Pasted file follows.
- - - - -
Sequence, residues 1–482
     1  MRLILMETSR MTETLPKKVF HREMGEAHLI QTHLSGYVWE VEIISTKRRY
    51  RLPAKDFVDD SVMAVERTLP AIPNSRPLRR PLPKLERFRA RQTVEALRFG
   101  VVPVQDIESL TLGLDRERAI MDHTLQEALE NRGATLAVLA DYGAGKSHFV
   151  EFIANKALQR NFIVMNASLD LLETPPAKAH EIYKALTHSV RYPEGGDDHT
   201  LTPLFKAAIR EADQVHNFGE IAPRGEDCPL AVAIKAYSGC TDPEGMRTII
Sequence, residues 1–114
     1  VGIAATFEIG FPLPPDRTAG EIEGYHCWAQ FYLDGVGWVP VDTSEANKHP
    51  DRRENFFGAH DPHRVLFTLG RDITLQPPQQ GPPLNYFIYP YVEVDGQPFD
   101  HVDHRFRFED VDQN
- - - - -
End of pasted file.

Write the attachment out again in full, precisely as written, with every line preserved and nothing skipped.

Sequence, residues 1–482
     1  MRLILMETSR MTETLPKKVF HREMGEAHLI QTHLSGYVWE VEIISTKRRY
    51  RLPAKDFVDD SVMAVERTLP AIPNSRPLRR PLPKLERFRA RQTVEALRFG
   101  VVPVQDIESL TLGLDRERAI MDHTLQEALE NRGATLAVLA DYGAGKSHFV
   151  EFIANKALQR NFIVMNASLD LLETPPAKAH EIYKALTHSV RYPEGGDDHT
   201  LTPLFKAAIR EADQVHNFGE IAPRGEDCPL AVAIKAYSGC TDPEGMRTII
Sequence, residues 1–114
     1  VGIAATFEIG FPLPPDRTAG EIEGYHCWAQ FYLDGVGWVP VDTSEANKHP
    51  DRRENFFGAH DPHRVLFTLG RDITLQPPQQ GPPLNYFIYP YVEVDGQPFD
   101  HVDHRFRFED VDQN